Given that your two metrics are 1) binary and 2) heavy tailed, you should avoid t-test which assumes normal distributions.
I think Mann-Whitney U is your best choice and should be sufficiently efficient even if your distributions were near-normal.
Regarding your second question:
What happens if one test suggests significant difference between cohorts and some other test suggests non-significant difference?
This is not uncommon if the statistical difference is borderline and the data has "messy" sample distributions. This situation requires the analyst to carefully consider all the assumptions and limitations of each statistical test, and give the most weight to the statistical test which has the least number of violations of assumptions.
Take the assumption of Normal distribution. There are various tests for normality, but that's not the end of the story. Some tests work pretty well on symmetric distributions even if there is some deviation from normality, but don't work well on skew distributions.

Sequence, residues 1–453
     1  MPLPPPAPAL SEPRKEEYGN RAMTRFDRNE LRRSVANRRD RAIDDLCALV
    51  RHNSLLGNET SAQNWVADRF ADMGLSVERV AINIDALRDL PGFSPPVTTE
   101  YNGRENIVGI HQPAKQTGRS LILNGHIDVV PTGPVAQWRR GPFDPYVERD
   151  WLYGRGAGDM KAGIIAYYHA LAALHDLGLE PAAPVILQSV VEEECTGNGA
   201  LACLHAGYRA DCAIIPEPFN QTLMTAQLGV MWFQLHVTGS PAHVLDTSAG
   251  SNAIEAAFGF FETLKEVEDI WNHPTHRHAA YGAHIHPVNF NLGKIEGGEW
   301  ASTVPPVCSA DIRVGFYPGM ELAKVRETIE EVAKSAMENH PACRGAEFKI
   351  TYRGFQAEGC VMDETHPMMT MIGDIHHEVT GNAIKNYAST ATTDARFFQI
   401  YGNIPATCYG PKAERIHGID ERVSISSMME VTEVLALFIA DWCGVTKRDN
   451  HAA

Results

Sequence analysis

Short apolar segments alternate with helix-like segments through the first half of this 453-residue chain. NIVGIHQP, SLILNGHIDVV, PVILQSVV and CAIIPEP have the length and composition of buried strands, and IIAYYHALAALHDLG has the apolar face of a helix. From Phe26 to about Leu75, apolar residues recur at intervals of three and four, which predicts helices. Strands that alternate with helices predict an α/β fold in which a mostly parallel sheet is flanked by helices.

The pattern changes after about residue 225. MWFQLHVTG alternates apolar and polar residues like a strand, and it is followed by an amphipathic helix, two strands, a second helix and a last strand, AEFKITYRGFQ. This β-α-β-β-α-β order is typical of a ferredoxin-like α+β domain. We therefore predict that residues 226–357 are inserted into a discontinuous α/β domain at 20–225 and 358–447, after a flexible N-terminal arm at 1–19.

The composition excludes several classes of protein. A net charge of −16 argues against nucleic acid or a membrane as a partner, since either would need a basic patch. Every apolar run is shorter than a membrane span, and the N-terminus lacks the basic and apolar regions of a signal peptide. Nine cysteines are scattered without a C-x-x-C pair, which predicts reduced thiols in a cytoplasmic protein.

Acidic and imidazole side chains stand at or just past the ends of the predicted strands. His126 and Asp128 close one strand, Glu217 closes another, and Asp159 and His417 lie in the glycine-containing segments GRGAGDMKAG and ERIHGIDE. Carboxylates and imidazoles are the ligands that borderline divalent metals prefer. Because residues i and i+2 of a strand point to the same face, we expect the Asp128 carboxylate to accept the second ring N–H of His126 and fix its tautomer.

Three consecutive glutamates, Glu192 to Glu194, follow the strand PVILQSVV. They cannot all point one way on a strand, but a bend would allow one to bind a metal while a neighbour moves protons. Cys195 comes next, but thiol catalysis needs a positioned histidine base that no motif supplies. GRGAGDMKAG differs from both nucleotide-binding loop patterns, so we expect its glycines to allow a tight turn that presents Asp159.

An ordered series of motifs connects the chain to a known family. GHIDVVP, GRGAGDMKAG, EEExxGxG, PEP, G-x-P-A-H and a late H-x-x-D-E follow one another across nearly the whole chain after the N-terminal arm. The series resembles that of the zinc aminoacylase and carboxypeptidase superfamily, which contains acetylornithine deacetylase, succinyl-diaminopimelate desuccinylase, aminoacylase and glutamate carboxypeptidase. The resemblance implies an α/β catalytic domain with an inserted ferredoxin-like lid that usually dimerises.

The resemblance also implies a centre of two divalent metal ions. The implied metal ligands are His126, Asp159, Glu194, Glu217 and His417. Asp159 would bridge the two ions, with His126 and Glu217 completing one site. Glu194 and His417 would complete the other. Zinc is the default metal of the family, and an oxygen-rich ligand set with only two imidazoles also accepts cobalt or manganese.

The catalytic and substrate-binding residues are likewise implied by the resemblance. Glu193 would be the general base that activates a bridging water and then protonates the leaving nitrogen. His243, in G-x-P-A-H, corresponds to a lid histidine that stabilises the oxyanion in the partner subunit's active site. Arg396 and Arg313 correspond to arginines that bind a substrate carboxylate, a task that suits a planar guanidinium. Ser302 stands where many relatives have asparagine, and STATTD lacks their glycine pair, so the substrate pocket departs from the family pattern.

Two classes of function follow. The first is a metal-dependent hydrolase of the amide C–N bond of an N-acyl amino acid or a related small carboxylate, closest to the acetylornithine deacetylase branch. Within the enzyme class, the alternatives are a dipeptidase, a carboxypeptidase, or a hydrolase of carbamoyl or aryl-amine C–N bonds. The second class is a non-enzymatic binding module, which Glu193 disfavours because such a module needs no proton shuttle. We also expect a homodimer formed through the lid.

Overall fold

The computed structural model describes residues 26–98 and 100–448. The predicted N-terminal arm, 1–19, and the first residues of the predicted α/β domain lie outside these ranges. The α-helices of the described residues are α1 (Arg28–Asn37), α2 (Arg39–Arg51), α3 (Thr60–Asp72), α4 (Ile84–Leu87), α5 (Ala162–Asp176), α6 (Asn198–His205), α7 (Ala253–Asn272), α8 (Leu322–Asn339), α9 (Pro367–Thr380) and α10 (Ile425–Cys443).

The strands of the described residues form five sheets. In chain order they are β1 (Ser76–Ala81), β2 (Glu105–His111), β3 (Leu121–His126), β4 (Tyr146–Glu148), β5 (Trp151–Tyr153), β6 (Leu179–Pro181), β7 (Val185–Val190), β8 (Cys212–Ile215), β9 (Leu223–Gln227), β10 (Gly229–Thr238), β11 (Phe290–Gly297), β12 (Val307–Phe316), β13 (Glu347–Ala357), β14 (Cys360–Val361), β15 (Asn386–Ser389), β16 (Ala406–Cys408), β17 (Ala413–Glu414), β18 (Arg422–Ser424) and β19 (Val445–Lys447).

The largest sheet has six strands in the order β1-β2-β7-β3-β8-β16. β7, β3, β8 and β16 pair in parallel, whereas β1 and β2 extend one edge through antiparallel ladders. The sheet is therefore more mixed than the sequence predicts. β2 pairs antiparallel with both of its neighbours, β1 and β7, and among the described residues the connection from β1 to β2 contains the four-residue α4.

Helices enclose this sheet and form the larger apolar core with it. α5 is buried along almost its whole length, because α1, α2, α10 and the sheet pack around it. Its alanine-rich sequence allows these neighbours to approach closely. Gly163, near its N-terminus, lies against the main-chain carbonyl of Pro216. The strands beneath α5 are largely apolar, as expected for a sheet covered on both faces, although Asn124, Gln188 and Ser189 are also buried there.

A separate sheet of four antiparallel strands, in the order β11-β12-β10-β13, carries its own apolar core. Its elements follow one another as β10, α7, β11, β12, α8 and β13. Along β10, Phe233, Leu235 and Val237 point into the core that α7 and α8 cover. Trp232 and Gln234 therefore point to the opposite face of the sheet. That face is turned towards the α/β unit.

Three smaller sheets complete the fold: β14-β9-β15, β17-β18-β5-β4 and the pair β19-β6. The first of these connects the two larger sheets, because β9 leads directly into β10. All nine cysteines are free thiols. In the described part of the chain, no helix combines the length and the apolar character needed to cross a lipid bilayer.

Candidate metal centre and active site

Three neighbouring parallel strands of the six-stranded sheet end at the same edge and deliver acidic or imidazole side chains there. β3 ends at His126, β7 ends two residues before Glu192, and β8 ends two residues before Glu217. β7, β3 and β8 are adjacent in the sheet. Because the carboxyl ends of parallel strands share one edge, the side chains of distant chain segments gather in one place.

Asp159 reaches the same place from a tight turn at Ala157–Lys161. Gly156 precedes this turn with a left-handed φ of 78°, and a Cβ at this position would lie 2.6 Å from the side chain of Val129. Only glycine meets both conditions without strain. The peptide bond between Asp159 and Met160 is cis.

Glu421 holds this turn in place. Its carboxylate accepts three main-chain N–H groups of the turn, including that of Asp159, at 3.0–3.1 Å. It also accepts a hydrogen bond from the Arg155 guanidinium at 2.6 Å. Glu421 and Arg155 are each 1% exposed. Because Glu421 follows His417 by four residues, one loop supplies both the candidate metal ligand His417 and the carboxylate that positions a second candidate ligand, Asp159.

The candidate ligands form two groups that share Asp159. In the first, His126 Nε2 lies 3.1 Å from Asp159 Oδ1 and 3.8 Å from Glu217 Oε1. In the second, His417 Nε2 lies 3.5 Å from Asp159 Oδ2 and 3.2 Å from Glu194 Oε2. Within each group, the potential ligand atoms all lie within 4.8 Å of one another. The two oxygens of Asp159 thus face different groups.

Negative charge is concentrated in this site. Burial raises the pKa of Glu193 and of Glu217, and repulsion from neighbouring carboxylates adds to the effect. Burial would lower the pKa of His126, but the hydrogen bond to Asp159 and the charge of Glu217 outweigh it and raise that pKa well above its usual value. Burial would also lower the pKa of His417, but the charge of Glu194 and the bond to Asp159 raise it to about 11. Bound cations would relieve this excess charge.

As a general rule of thumb, I'd suggest that you should not run any test where any of its assumptions are clearly violated.
EDIT: For the second variable, it might be feasible to transform the variable into one that is normally distributed (or at least close) as long as the transform is order-preserving. You need to have good confidence that the transform yields a normal distribution for both cohorts. If you fit the second variable to log-normal distribution, then a log function transforms it to a normal distribution. But if the distribution is Pareto (power law), then there is no transformation to a normal distribution.
EDIT: As suggested in this comment, you should definitely consider Bayesian Estimation as an alternative to t-testing and other Null Hypothesis Significance Testing (NHST).